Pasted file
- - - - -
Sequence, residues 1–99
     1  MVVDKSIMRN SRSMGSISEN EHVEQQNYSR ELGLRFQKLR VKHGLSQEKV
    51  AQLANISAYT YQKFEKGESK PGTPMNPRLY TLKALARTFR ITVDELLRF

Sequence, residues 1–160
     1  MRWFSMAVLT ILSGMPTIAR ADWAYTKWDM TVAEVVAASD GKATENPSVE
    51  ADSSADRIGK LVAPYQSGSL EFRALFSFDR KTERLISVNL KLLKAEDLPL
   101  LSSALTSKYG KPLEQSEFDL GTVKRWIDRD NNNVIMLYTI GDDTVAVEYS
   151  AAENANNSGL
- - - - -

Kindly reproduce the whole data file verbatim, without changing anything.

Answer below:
Sequence, residues 1–99
     1  MVVDKSIMRN SRSMGSISEN EHVEQQNYSR ELGLRFQKLR VKHGLSQEKV
    51  AQLANISAYT YQKFEKGESK PGTPMNPRLY TLKALARTFR ITVDELLRF

Sequence, residues 1–160
     1  MRWFSMAVLT ILSGMPTIAR ADWAYTKWDM TVAEVVAASD GKATENPSVE
    51  ADSSADRIGK LVAPYQSGSL EFRALFSFDR KTERLISVNL KLLKAEDLPL
   101  LSSALTSKYG KPLEQSEFDL GTVKRWIDRD NNNVIMLYTI GDDTVAVEYS
   151  AAENANNSGL